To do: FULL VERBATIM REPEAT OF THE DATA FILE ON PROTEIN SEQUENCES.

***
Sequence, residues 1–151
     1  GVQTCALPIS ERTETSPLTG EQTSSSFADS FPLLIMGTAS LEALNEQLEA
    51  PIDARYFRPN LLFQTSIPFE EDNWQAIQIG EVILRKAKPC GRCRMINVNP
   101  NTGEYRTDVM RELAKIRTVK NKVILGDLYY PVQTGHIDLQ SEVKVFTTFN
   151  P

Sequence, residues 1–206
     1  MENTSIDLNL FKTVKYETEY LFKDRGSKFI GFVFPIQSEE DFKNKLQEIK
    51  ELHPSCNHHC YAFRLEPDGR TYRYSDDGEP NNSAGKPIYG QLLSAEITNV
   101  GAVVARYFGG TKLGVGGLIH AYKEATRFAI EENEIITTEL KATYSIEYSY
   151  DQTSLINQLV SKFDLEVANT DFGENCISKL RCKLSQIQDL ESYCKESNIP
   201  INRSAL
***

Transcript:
Sequence, residues 1–151
     1  GVQTCALPIS ERTETSPLTG EQTSSSFADS FPLLIMGTAS LEALNEQLEA
    51  PIDARYFRPN LLFQTSIPFE EDNWQAIQIG EVILRKAKPC GRCRMINVNP
   101  NTGEYRTDVM RELAKIRTVK NKVILGDLYY PVQTGHIDLQ SEVKVFTTFN
   151  P

Sequence, residues 1–206
     1  MENTSIDLNL FKTVKYETEY LFKDRGSKFI GFVFPIQSEE DFKNKLQEIK
    51  ELHPSCNHHC YAFRLEPDGR TYRYSDDGEP NNSAGKPIYG QLLSAEITNV
   101  GAVVARYFGG TKLGVGGLIH AYKEATRFAI EENEIITTEL KATYSIEYSY
   151  DQTSLINQLV SKFDLEVANT DFGENCISKL RCKLSQIQDL ESYCKESNIP
   201  INRSAL